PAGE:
But today…. today…. I can’t even begin to talk about today. OK, yes, I can! This morning, I opened up the sliding doors to let the dogs out and realized my skin was not freezing…..and the wind was not blowing…. It was such a wonderful moment. And moments like these occurred everywhere, throughout the day.

Instead of looking down while walking slowly through parking lots (so they could keep their faces from freezing, and their feet from slipping), people walked bravely, briskly and with their heads up to their cars and were chatting with their neighbors as they were doing so.

These attitudes and postures were completely differently from those displayed just several days ago.

We have hope – and crossed fingers – that spring will soon be upon us. And that our parking lots, roads and driveways will be clear of snow. And that we will not worry about slipping on the ice. And that we and our dogs will no longer track in snow, ice and dirt.

And – most of all – that what we know as spring will very quickly arrive, to give us all a happy break 🙂

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What’s the Greatest Thing You Are Willing to Sacrifice for Lent?

Today, as you probably know, was Ash Wednesday, the first day of Lent. Lent is the 40 days leading up to Easter, and it’s a reminder for Christians of the 40 days Jesus spent in the desert before his crucifixion. Many Christians – in particular, those who are Catholic – make sacrifices and give up something meaningful to them during this time.

The entire Mardi Gras experience, played out yearly in New Orleans, is a prelude to Lent. For about a week before Ash Wednesday, the city goes crazy with parties, parades and feasts. The day before Ash Wednesday is “Fat Tuesday” (“Mardi Gras” is the French version of the phrase), meaning that it’s the last day before the 40 days of sacrifice, fasting and repentance. It refers to a day (sometimes also called “Shrove Tuesday”) where people eat as much as they can, to make up for the next 6 or so weeks of deprivation.

At midnight on Ash Wednesday in New Orleans, the carnival atmosphere abruptly ends, in order to prepare for the most holy season for Christians.

As I said earlier, this is often a time for believers in this particular faith tradition to make sacrifices. As a life-long Lutheran, I never was called upon to do this. But my Catholic friends – then and now – did and do. They often give up favorite foods, such as meat, sweets, coffee or pop (soda, for those of you not from the Upper Midwest). Or they give up favorite activities, such as TV, the internet, Facebook, etc. They may also give up other creature comforts during this time; I read today about a young woman who will not use a mirror until Easter.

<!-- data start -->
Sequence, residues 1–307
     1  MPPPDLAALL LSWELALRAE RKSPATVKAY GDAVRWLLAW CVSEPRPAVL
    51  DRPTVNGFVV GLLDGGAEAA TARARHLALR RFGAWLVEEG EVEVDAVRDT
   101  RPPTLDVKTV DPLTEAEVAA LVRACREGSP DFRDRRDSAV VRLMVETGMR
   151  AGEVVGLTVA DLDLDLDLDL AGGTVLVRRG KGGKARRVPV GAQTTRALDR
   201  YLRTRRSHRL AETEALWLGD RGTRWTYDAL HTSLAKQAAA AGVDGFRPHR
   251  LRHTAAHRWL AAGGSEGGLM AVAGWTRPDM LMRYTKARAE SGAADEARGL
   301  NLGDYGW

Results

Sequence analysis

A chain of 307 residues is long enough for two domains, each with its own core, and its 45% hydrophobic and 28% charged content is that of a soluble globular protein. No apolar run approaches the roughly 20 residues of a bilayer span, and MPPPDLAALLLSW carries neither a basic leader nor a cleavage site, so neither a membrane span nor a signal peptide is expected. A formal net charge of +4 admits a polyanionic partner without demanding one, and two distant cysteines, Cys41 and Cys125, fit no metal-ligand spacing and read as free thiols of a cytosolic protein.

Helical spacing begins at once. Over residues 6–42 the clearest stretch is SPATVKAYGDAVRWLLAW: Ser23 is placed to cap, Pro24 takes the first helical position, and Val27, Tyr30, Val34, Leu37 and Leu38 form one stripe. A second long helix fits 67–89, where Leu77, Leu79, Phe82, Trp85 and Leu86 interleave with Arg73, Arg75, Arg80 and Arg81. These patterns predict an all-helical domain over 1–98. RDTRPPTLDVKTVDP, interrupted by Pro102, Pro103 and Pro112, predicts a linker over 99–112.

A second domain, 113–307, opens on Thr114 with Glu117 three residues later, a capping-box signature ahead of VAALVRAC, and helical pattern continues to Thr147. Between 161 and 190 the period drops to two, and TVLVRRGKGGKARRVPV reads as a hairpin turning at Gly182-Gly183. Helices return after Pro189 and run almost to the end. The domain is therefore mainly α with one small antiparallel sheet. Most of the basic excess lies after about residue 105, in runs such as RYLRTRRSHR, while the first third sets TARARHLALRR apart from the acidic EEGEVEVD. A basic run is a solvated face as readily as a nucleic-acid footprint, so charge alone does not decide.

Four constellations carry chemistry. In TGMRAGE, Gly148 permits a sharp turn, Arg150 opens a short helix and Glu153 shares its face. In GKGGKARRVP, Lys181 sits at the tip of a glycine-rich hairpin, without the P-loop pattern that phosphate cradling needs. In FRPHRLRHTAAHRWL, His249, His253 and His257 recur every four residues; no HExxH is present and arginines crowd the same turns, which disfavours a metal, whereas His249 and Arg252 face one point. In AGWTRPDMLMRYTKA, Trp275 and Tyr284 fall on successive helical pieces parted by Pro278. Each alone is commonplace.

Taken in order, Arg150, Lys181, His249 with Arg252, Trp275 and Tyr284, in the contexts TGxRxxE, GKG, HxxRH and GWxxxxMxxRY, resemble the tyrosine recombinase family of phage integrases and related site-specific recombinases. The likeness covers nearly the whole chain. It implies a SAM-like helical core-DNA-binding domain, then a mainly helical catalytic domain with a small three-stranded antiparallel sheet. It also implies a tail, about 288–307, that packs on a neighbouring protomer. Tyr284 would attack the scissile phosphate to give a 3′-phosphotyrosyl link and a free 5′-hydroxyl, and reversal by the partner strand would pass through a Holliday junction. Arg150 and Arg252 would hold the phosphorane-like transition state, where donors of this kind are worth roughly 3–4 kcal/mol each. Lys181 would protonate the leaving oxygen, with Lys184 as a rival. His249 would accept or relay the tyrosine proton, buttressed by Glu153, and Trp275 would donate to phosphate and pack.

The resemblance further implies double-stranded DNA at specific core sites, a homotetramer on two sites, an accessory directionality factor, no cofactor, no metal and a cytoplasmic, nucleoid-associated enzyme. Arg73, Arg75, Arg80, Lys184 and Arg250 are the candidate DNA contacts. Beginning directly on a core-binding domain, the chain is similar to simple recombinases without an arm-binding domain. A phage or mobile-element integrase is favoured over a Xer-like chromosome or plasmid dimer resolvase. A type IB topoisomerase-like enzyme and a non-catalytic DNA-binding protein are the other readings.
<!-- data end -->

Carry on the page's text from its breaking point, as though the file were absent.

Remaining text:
I admire the willingness of people to sacrifice for something that is much larger than any of us. When reflecting on this, I began to wonder what would be an enormous sacrifice – something to give up – for me or for many other people I know.

Chocolate? That would be easy for me. Truly.  I know that’s strange, but I have never been a sweet-eater. Meat? That would be a little more difficult, but I could do it. TV and social media? Quite difficult; very difficult. Reading newspapers, books or magazines? That would be very painful.

Then I thought about the most common issue I hear about from people I know. Time. Time is a precious commodity, and we all seem to not have nearly enough of it (future blog post – there have always been 24 hours in a day – why do we seem to be more stretched today than ever before?). 

To me – and many others – sacrificing some time during the next 40 days would be very difficult. And that’s why I am encouraging you to think about doing so. Sacrifice and giving are not only good for personal growth, but giving of one’s time and talent on a regular basis can have an enormous impact in the lives of others and in the health of a community.

If you are not part of this faith tradition, please consider doing this anyway. Spring is a brand-new season, and a season of hopefulness and anticipation. No matter what, this challenge can lead to only positive results.